I learned through guests that I had the capability to sell tickets to them for upcoming shows being hosted at the casino, yet never received Ticket Master training or a log in for the site. I learned we had a specific site to use to book certain Boston tours in order to receive proper commission about three weeks after I started working alone. Now I’m not blaming the job or my coworkers in any way for me not being totally prepared for the job. I’m blaming the fact that I wasn’t given proper training and it was more so frustrating for me that I was unable to assist guests properly because I was not given the tools needed to perform my duties to the best of my abilities.

Now in many instances when this occurred, I would bring it up with my coworkers to ensure that I received the proper procedures moving forward. I took it upon myself to make sure I was able to assist guests to the best of my capabilities. But ever since I began my position, I was met with many instances of difficulties that weren’t solely revolved around learning new job duties from guests approaching me. As a any new job, you learn by doing, so I knew (especially in the line of concierge) that this would happen often. What really frustrated me was higher officials expected me to know certain principles of the job that I was never informed about or trained on. I would be asked why I did not use a certain system to help a guest or show them to a certain department when this certain outlet or piece of knowledge was never brought to my attention in the first place. How am I suppose to know about a piece of my job that exists if I am never told or trained on the subject?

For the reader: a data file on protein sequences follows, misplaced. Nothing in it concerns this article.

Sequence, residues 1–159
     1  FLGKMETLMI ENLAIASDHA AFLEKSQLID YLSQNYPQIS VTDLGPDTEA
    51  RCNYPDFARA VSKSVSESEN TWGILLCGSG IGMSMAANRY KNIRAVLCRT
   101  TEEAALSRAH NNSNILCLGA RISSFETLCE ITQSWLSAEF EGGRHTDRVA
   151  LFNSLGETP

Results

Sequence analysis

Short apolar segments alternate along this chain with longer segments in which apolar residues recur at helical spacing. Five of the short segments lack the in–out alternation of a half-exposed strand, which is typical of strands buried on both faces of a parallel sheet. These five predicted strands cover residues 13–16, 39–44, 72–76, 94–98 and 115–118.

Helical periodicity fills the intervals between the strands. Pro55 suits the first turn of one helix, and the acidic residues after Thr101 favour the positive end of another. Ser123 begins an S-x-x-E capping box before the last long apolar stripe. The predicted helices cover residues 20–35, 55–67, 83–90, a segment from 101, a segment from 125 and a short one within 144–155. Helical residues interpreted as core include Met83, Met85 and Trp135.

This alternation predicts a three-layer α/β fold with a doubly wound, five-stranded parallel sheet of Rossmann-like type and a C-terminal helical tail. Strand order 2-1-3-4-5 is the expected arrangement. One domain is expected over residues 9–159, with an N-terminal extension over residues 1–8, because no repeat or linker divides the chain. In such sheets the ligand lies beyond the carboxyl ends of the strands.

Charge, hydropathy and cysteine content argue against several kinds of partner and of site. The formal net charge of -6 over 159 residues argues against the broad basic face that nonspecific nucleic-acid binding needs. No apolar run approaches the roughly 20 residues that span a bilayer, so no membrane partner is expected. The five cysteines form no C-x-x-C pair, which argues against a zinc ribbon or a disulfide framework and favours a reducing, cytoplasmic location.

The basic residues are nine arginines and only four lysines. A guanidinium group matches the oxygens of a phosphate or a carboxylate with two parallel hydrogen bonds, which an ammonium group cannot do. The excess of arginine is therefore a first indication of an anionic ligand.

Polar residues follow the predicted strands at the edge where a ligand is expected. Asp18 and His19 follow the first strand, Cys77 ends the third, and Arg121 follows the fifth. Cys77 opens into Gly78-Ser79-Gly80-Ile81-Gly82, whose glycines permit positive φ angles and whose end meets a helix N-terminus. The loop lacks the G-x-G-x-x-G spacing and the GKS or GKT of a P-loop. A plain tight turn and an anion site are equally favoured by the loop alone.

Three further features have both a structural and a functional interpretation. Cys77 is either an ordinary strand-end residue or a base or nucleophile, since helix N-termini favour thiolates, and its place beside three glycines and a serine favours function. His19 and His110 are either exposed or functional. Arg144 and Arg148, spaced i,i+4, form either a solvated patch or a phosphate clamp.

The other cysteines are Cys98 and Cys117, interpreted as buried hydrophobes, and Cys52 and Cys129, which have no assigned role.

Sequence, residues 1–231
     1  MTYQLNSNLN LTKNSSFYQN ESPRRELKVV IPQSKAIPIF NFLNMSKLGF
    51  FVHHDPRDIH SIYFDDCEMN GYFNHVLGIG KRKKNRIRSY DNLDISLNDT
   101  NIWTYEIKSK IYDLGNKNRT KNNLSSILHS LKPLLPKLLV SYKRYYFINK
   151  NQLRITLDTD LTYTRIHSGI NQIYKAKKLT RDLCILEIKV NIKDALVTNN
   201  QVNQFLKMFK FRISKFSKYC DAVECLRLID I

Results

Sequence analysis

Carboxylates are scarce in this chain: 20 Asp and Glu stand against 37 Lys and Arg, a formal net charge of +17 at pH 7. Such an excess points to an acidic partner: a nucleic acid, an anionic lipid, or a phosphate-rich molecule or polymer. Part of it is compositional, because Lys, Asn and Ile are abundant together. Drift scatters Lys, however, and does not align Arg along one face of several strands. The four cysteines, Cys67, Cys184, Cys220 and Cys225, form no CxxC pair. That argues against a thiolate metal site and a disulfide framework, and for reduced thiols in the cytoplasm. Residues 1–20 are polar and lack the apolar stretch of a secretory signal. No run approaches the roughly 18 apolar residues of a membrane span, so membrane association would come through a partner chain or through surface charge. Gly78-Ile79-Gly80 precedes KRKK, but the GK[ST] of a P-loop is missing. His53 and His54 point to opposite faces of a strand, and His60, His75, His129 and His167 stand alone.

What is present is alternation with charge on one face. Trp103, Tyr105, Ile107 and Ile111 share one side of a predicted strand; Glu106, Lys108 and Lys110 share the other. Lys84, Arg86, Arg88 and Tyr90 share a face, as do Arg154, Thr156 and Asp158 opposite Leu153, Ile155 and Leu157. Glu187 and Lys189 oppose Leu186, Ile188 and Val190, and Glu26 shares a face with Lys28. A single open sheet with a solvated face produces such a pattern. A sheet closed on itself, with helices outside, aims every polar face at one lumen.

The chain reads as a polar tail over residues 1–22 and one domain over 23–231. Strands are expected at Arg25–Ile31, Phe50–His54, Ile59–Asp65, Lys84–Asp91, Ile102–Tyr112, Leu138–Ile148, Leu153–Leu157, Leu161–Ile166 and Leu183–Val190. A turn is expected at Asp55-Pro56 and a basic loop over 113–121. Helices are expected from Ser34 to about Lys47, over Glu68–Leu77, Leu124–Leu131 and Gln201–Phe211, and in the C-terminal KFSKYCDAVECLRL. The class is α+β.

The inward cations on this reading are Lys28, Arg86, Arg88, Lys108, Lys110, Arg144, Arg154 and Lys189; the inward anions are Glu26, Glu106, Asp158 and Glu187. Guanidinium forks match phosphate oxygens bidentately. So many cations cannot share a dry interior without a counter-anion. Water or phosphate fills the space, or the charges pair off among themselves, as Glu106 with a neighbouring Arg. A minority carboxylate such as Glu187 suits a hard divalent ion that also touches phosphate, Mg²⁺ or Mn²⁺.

I am very good at what I do and after three weeks of the job, that point was proven to me. To attain a five-star level at any resort or casino around the globe, undercover members of Forbes must come to the location with an extensive check-list of points that must be attained by both the property and it’s employees within it’s walls. Most departments have one checklist of items that they must reach at least an 85% or above in order to attain that “five-star service status.” Now when an undercover agent comes in and secretly picks a random employee or department to assess, the head of the department is then emailed the results so they are aware of what their department needs to work on.

That was when one day after only three weeks on the job, I was called into the back office and told that I was the first concierge at the casino to reach a 90% on an undercover assessment. I was thrilled. It validated that I knew what I was doing, but it also proved to me that all those difficult instances were due to lack of training not my lack of skill.

But as time went on, these frustrating instances only grew more apparent. I was met with so many instances of learning new outlets of my job that I was never informed about or trained on. It grew to the point that I was so worried I was not going to be able to assist a guest in the best way possible, that I feared what a guest may ask of me when they approached.

The other main issue that arose was the miscommunication between departments. Every department within the casino is very well made-up. They have done an amazing job of collecting some of the best of the best when it came to people who knew exactly what they were doing for each department. They took some of Boston’s as well as Vegas’ best employees and created dream teams. But with that still comes a lot of work. Even though departments have the best of the best, it is still a new facility and that means everyone is learning new procedures and ways of doing things. This leads to many hiccups (which is understandable for any new facility), but not one guests take lightly.